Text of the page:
I hope that when Daniels says fining him was an "appropriate" punishment he means that a fine should be the maximum penalty for possessing several pounds of marijuana and LSD. If not, does he believe it's right to punish drug arrestees more harshly than he was treated?
Paul Waldman digs up an anti-drug op-ed written by Daniels in 1989 and calls it "a pretty extraordinary combination of whitewash and hypocrisy". Waldman:
A reader writes: I can’t speak to psychedelic drugs. I can, however, speak to these same principles in the use of cannabis. I have never used cannabis until about six months ago. I do it primarily for health reasons. As a type-1 diabetic, alcohol is almost a complete no-go for me. And with the severe heart disease that I have suffered as a result of diabetes, I have all the hallmarks of long-term chronic disease: generalized and specialized pain, both musculoskeletal and neurogenic; wasting, much like AIDS-related wasting; loss of appetite; loss of the raw materials required just to keep the brain functioning. So, I began cannabis for the medical benefits and also as a substitute for a glass or two of wine. What I have been most surprised about is the effect it has on mental functioning. Besides just helping to increase my nutrition, it has made my mental functioning orders of magnitude better. And it is not just general cognitive functioning, but what I term “philosophical” cognition.
by Chris Bodenner Many readers were moved by this post. One writes: God damn it. I am a 45-year-old ex-paratrooper, have sea kayaked through hurricane gale waves, hiked in West Africa, almost died from malaria, almost died from dysentery, almost drowned off the Carolina coast, had a son born with a birth defect that almost … Continue reading The Cannabis Closet: When Sickness Strikes, Ctd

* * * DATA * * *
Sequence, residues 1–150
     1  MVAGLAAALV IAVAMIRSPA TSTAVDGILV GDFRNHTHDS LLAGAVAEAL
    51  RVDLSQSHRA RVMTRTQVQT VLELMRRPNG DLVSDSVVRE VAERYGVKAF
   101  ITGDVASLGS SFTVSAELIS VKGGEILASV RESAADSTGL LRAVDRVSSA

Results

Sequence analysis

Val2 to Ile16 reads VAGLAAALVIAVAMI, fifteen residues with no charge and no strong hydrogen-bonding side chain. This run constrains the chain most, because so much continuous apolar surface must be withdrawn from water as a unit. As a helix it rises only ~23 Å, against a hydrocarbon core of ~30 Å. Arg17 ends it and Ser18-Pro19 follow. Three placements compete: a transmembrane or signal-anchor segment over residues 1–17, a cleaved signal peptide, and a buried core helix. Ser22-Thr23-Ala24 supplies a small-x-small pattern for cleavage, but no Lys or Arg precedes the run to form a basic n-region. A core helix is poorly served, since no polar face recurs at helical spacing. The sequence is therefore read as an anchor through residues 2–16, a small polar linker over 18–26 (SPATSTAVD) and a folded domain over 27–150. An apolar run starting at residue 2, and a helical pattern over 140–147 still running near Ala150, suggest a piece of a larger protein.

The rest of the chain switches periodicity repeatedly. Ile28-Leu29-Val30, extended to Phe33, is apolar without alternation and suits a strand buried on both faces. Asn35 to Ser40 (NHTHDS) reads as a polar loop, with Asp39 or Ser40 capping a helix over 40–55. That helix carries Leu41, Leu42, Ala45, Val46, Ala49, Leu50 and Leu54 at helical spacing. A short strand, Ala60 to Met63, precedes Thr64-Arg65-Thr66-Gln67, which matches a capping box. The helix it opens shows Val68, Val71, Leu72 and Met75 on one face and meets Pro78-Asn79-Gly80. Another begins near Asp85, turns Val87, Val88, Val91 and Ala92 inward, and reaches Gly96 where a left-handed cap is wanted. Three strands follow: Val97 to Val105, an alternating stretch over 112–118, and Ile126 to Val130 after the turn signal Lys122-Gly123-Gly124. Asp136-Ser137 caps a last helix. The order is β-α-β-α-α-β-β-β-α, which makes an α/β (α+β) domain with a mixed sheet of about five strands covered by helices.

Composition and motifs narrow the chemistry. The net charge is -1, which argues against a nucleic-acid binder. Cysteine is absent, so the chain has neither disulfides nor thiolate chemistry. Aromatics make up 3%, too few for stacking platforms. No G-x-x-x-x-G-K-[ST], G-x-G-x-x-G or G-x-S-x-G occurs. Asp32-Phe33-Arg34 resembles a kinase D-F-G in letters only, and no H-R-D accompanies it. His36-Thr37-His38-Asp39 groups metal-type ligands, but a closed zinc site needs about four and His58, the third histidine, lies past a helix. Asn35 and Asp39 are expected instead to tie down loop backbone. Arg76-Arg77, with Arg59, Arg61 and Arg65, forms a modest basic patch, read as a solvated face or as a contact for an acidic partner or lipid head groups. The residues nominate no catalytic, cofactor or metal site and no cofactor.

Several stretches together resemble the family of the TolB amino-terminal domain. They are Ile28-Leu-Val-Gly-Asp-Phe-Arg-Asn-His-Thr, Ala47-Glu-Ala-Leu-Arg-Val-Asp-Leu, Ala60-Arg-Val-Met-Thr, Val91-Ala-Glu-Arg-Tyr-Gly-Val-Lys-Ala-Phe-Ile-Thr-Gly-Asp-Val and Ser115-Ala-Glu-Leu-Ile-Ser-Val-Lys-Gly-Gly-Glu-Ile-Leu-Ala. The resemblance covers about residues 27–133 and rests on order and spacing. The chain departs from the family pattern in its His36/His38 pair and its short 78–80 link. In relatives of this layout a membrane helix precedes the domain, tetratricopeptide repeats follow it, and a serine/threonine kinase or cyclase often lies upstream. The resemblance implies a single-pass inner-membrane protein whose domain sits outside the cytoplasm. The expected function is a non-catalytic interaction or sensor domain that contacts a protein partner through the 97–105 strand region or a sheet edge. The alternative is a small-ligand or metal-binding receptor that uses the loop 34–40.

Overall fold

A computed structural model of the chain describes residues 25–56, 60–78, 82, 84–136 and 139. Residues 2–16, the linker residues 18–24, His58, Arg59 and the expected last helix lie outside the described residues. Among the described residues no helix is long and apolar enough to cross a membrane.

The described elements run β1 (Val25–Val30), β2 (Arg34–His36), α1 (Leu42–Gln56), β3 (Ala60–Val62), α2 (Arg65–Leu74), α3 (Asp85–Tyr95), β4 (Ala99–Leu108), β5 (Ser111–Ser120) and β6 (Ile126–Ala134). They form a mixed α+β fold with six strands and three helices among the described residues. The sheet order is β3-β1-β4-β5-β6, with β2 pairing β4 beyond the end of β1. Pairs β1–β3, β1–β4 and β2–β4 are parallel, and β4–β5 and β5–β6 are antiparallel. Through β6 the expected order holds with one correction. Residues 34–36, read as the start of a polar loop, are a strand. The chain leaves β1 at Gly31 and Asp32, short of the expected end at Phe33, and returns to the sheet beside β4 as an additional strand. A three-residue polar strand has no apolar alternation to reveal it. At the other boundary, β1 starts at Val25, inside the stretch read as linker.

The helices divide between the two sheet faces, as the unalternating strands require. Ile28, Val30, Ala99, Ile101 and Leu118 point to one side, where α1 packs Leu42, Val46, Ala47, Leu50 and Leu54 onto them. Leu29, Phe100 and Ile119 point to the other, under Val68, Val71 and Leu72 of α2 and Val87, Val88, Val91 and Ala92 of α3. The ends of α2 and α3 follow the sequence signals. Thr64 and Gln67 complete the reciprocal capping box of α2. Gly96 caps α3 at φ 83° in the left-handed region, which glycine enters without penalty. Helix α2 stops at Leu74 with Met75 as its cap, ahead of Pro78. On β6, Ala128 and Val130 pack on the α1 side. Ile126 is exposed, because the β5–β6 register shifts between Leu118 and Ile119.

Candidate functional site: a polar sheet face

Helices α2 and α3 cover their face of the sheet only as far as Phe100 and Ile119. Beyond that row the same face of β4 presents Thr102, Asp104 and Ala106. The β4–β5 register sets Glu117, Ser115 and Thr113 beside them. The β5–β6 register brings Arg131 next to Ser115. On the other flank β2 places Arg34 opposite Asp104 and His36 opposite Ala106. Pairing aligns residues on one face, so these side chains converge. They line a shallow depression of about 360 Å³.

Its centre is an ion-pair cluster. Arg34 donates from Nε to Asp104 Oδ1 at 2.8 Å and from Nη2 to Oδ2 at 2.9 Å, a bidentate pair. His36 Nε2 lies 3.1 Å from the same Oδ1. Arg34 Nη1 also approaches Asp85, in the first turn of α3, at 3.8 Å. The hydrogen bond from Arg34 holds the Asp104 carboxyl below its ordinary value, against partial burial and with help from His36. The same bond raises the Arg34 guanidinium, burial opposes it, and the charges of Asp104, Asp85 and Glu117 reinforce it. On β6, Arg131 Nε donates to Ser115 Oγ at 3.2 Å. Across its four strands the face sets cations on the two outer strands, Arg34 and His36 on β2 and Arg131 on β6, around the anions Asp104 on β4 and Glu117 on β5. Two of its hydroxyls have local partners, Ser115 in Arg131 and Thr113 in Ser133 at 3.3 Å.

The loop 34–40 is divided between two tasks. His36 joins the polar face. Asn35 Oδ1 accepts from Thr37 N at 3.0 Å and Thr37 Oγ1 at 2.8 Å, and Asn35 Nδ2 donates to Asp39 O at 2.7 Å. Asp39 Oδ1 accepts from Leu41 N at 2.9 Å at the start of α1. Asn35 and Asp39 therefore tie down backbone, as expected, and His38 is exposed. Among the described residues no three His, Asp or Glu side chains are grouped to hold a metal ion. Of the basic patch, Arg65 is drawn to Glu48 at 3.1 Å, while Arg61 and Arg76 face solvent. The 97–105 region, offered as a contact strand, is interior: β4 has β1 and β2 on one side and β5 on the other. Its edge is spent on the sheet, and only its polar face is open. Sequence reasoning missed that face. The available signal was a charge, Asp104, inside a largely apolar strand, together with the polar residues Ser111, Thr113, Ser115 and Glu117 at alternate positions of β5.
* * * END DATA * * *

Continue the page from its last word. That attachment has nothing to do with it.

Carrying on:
by Chris Bodenner
The reader who contributed the most powerful entry of our collection follows up:
Over the holiday, my children came home and I showed them “The Cannabis Closet” book, which got here a few days ago. I showed them the excerpt that I had written about their mother’s battle with cancer and her use of marijuana to alleviate the effects of chemo.
Our oldest son, who has his masters in nursing and runs the nursing staff at the local VA hospital, was surprised that I had not included her oncologist’s reaction to her using pot. To tell you the truth, I had forgotten about it. But he thought it was important that I write it out and send it to you. So, here it is. Sorry it's a bit long; I tried to shorten it up.
As I said before in my first letter to you, shortly after she started using pot, she did not suffer the nausea or the aches and pains any longer. She also got her appetite back and put on a little weight. Even her color got better. I also told you that after she began using marijuana she began to open up and talk about her illness and her final wishes. We spent a lot of long evenings on the couch talking and drinking hot chocolate. I will always look back on those evenings as some of the best times we spent together.
When we went to see her oncologist a couple of weeks later for her regular check up, he took one look at her and said, “Well look at you! You look wonderful! Those anti-nausea medications seem to be doing the trick.” She and I looked at each other, and I told him that the pills he had prescribed did nothing to help with her nausea – she still threw up eight to twelve times a day. I told him that she was using marijuana and that it had made a big difference – not only in keeping her from getting sick, but also in helping her get her appetite back and removing her fear of chemo.
He looked at her and asked her if that was true; was she using marijuana? My wife told him yes. His entire demeanor instantly changed. He said that was a load of crap and that he had read all the studies on it and that marijuana did nothing to help the effects of chemo and that she was “stupid” for using an illegal narcotic.
My demeanor instantly changed too, and I asked to speak with him in the hallway.